Having introduced appropriate constraints to power set and separation, we could now face a substantial objection. Constructive and intuitionistic set theories can be seen as modifications of classical ZF set theory that are obtained by: (1) replacing classical with intuitionistic logic, and (2) accurately choosing, among various classically equivalent principles, those which seem more appropriate for given purposes. For example, we might choose principles which suffice to represent a certain mathematical practice, like, for example, Bishop style mathematics. The resulting notion of set, however, might become obscure and the choice of the set-theoretic principles might appear to a certain degree as arbitrary. In the case of intuitionistic ZF, one can justify the choice of the set-theoretic principles by examining its semantical interpretations, as Heyting semantics, or by looking at its categorical models. In the case of constructive set theory, to hinder this kind of objection, Aczel has given an interpretation of CZF in a version of Martin-Löf type theory (Aczel 1978). The claim is that a clear constructive meaning is thus assigned to CZF's notion of set by looking at its meaning in Martin-Löf type theory, since the latter is usually considered as representing an accurate and fully motivated formulation of a constructive notion of set. Aczel's interpretation of CZF in constructive type theory is given by interpeting sets as trees in type theory. That is, the universe of sets of CZF is represented by a type, V, of iterative sets built over the universe, U, of small types in constructive type theory (Aczel 1978; Martin-Löf 1984). This interpretation clearly highlights the predicativity of CZF, whose sets can be seen as trees built up from below, and whose set theoretic universe also has a clear inductive structure.

The predicativity of CZF and related systems is consonant with philosophical positions which are often associated with the use of intuitionistic logic. In particular, it would seem that if we construct the mathematical objects, for example, if the mathematical objects are mental constructions of some kind, then resorting to impredicative definitions would produce an undesirable form of circularity. This clearly contrasts with a view often associated to classical set theory, for which our mathematical activity can be seen as a gradual disclosure of properties of the universe of sets, whose existence is independent of us. Such a view is usually bound up with the use of classical logic and impredicativity in studying the set-theoretic universe. Predicativity is also often seen as related to the time-honoured distinction between actual and potential infinity. Predicative (and thus, in particular, constructive) theories are often seen as avoiding reference to actual infinity, and only committing to potential infinity (Dummett 2000, Fletcher 2007). This again seems particularly in harmony with those philosophical positions which highlight the human dimension of our mathematical activity, by seeing, for example, the mathematical objects and the truth of statements about them as dependent from us. Another related aspect is often seen as pertaining to predicativity: if the universe of sets is built up in stages by our own mathematical activity, then it would be natural also to see it as open ended. For this reason, in a constructive context, where the rejection of classical logic meets the requirement of predicativity, the universe of sets is often described as an open concet, a universe “in fieri”. This idea is especially well exemplified within constructive type theory, where the notion of type-theoretic universe has been deliberately left open by Per Martin-Löf (by not postulating specific elimination rules for it). The open ended nature of the universe of sets has paved the way for extensions of it by reflection principles. These have been investigated both within type theory and constructive set theory. See (Rathjen 2005a) for a survey of results and a foundational discussion, and also section 5.2.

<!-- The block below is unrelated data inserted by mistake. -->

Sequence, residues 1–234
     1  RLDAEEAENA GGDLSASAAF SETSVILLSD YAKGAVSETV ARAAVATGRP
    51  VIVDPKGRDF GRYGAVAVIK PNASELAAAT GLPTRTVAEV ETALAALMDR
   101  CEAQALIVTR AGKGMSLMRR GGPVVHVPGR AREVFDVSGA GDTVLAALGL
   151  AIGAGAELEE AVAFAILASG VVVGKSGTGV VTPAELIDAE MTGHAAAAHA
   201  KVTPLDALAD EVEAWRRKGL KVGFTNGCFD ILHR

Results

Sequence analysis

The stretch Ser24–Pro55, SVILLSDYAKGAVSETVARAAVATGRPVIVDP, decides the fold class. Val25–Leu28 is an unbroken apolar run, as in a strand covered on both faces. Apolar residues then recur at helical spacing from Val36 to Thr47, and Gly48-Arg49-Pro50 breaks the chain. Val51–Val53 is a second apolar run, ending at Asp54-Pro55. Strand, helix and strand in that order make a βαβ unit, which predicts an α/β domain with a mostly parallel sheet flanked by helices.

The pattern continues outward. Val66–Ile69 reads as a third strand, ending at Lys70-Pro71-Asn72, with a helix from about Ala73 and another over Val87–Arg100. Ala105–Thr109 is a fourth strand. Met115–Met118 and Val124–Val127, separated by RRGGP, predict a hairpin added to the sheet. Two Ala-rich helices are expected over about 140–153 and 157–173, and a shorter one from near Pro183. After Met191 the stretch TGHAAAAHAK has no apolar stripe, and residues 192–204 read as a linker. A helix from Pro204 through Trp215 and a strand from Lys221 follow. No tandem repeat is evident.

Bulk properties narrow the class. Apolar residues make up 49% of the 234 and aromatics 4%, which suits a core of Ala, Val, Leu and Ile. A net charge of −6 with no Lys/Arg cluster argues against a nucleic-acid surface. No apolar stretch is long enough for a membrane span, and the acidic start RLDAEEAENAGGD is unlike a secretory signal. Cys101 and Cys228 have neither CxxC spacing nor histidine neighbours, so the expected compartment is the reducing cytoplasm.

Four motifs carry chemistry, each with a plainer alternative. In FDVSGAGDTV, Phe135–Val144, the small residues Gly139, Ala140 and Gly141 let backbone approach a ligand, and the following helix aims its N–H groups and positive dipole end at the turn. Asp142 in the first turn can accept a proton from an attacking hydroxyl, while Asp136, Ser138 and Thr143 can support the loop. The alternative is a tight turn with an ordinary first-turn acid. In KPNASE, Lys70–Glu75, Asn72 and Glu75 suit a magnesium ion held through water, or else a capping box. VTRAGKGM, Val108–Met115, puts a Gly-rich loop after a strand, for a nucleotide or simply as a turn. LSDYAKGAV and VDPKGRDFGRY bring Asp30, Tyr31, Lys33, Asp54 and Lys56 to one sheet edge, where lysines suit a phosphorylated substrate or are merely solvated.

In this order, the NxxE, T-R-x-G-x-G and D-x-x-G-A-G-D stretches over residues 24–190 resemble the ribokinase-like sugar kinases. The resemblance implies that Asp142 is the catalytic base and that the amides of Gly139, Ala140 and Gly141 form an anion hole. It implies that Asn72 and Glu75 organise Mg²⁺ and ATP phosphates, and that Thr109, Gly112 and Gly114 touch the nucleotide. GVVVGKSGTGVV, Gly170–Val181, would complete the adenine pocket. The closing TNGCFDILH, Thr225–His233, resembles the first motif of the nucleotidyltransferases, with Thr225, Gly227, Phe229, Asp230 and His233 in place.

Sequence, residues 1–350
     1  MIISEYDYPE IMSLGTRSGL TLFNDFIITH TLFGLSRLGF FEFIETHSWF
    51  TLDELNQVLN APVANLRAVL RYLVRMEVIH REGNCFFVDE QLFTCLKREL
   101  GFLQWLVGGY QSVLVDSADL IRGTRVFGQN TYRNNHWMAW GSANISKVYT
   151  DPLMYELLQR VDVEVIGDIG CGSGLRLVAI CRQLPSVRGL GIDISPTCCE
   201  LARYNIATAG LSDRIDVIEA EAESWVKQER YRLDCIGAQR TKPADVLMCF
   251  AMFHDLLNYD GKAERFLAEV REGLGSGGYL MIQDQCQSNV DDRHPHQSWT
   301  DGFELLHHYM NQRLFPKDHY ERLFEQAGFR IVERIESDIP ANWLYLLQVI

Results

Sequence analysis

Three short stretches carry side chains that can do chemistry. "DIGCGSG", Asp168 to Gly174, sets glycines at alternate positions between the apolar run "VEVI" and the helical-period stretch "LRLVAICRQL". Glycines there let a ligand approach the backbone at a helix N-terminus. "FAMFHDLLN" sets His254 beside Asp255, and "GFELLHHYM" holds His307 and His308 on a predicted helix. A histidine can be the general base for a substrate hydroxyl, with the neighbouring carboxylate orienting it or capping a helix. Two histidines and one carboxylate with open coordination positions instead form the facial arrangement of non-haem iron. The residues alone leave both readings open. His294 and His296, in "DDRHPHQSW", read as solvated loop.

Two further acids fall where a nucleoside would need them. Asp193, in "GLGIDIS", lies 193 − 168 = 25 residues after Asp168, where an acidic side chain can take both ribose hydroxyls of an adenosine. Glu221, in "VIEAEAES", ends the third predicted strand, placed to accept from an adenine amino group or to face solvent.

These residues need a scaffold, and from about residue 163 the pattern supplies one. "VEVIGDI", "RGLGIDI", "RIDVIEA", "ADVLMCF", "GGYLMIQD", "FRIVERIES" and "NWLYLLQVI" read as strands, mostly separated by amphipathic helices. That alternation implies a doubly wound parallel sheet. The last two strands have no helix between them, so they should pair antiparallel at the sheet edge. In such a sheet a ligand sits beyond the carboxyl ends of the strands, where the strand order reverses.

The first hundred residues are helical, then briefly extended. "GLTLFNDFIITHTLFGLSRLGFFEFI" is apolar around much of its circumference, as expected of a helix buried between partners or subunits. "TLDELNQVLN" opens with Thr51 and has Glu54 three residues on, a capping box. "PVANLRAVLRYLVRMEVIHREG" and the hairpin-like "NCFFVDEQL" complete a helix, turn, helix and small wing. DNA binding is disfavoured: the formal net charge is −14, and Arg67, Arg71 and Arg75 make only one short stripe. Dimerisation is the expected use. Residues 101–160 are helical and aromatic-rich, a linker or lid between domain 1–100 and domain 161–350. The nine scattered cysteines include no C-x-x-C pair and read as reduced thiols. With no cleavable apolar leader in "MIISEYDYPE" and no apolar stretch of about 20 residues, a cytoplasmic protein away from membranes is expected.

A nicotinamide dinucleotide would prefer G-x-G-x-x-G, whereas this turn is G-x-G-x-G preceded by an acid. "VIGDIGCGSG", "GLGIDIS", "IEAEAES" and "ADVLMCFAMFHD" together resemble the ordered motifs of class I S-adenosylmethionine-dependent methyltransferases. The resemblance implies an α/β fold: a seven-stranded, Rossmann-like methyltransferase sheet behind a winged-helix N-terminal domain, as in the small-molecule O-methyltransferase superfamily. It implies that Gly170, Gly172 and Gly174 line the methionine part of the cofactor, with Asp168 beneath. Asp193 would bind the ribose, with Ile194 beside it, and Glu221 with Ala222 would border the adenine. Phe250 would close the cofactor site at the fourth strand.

2. Origins of Constructive and Intuitionistic Set Theories

Intuitionistic versions of Zermelo-Fraenkel set theories were introduced in the early 1970s by Friedman and Myhill. In (Friedman 1973) the author presents a study of formal properties of various intuitionistic systems and introduces for them an extension of Kleene's realisability method. The realisability technique is applied in (Myhill 1973) to show the existence property for a version of intuitionistic Zermelo-Fraenkel set theory (with replacement in place of collection). In another fundamental contribution Friedman extends the double negation translation of intuitonistic logic to relate classical and intuitionistic set theories (Friedman 1973a). These first papers already address the relation between some major intuitionistic set theories and classical ZF. They also clarify a key feature of set theory based on intuitionistic logic, mainly that it is amenable to powerful constructive semantic interpretations, like realizability. These techniques are applied to the study of crucial metatheoretical properties which are typical of the constructive approach and which are enjoyed by some constructive set theories (see the section on Semantic techniques). This groundbreaking work has been fully exploited and substantially extended in work by Beeson and McCarty (see Beeson 1985; McCarty 1984).